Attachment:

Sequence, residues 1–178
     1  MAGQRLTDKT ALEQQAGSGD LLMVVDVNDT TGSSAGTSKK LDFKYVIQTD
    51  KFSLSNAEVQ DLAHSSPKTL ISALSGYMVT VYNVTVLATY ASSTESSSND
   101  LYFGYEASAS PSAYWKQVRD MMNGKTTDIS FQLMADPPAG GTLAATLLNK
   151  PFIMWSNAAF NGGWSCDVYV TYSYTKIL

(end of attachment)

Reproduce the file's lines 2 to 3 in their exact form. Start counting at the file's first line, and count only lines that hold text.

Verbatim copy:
     1  MAGQRLTDKT ALEQQAGSGD LLMVVDVNDT TGSSAGTSKK LDFKYVIQTD
    51  KFSLSNAEVQ DLAHSSPKTL ISALSGYMVT VYNVTVLATY ASSTESSSND